URL injection is when a malicious individual attacks your website through the insertion of dangerous code that makes it appear as though your website gives credit to a detrimental site.

Over 74 million websites run on the WordPress platform today — and that number is growing constantly. Although this makes WordPress a popular and supported form of content management software and website maintenance, it also means that it can be a highly lucrative target for hackers.

Approximately 50% of the WordPress sites online today are self-hosted, meaning that the administrator for the website is responsible for the security and maintenance of that site. Though there are numerous methods available for improving security on WordPress, only a few companies complete these measures, meaning that they become open to attacks from various different angles.

Here, we’re going to look into the definition behind URL injections, how you can detect them, and what you can do to nurse your website back to health after it’s been affected.

What is An URL Injection?


Because websites like WordPress run on a database-backed platform that executes numerous PHP server-side-scripts, it can be vulnerable to a series of attacks — such as URL injection, or malicious link insertion. Commands in WordPress are sent through URL parameters, which hackers can easily warp and abuse — causing WordPress to act without authorization, or misinterpret its job. In simple terms, URL injections take place when an individual attempts to manipulate your online database through the commands sent by the URL.

Often, this form of hacking involves the creation of new pages throughout your website by hackers — often containing dangerous bits of code or spam links that can make your site a security risk to visitors. Often, the new pages that are created are packed full of code that re-directs your visitors to dangerous locations, or allows your webserver to participate in attacks that you may not even be aware of.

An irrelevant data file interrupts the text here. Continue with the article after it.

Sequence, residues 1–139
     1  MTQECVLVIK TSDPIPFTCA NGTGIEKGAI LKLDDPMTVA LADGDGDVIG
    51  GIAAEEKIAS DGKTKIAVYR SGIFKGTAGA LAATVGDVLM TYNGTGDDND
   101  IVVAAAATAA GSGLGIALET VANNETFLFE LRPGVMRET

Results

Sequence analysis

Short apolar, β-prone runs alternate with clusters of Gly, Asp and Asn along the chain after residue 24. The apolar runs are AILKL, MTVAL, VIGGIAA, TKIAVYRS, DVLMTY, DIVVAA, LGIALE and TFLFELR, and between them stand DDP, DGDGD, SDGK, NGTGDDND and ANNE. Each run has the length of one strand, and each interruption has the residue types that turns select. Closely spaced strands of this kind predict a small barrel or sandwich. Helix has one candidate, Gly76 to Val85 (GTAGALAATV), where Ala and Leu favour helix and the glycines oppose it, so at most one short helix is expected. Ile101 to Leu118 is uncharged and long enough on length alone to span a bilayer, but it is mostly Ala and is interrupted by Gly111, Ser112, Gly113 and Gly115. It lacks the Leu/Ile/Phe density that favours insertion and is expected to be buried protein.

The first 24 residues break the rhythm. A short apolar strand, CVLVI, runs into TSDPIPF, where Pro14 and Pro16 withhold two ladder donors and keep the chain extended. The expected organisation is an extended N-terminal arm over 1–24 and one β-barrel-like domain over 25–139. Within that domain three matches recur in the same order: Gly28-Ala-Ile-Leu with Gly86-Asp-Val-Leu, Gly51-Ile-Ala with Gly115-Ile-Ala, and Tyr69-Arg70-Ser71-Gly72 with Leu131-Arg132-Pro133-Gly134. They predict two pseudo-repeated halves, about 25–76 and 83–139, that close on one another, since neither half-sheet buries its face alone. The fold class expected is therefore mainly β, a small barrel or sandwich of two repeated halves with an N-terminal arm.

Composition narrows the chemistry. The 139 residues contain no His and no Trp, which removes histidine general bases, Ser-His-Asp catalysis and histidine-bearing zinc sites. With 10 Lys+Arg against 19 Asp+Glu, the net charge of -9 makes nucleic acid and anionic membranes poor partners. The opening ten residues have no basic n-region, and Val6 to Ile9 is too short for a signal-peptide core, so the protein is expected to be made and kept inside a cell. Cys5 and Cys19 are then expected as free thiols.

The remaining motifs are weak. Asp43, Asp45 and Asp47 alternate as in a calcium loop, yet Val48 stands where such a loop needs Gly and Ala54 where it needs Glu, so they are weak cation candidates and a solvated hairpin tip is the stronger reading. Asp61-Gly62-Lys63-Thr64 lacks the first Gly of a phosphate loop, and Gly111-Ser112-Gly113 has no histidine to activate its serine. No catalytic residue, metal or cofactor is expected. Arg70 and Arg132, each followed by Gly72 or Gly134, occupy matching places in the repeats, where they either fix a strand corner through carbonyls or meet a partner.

There are numerous ways in which an attacker can gain access to your site — from exploiting vulnerable or older versions of software, to utilizing insecure directories, or hacking a number of third-party plugins – something particularly common in WordPress. What that hacker does with your website when they gain access can leave you in serious trouble.

Detecting URL Injections on Your Website


In order to stop a hacker from doing further damage to your website, and the traffic that visits it — you will first need to confirm that you have been the victim of an URL injection attack. In most circumstances, link injection can be hard to detect, as many of the outgoing links used are masked by legitimate code, or encoded to make them practically invisible. Fortunately, there are a number of solutions available that could help you to track down dangerous code.

One initial option is to use Google to determine whether your website is harboring spam links in the first place. For instance, you can search for your domain alongside keywords for spam by entering a site query such as: “site: www.websitename.com casino.”

Other solutions include conducting a WordPress security scan, and searching for malicious code that appears at the top of your WordPress PHP files. For instance, if you see /**/eval(base_64 decode in any of your blog content, you may have already been compromised.

Often, people only begin to notice that there may be an issue of URL injection on their website when they recognize a drop in their page ranking. In some circumstances, experts recommend that you should not search for URL injection issues in your website by using a browser, as this can allow malware to spread. Instead, it may be beneficial to make use of webmaster tools such as “Fetch as Google” – a source that gives you the opportunity to see your website through the eyes of a machine — rather than as you would typically see it as a consumer.

How to Fix URL Injection Damage


In certain circumstances, you may find that you need to completely reinstall your entire site database if you want to remove every hidden link. Although some less talented hackers may use the same injection code throughout — making cleaning easy with the use of the find/replace tool — this will not always be the case.

It’s worth noting that removing the malicious pages from your website will not remove any vulnerabilities that originally gave the hacker access to your website. Even if you manage to remove every illegitimate link from your website, you should also be taking steps to reduce your chances of damage in the future. For some people, this may mean simply updating WordPress software, whereas others may need to update security throughout every aspect of their website — from changing admin usernames and passwords, to checking file permissions, contacting web hosts, and so on.

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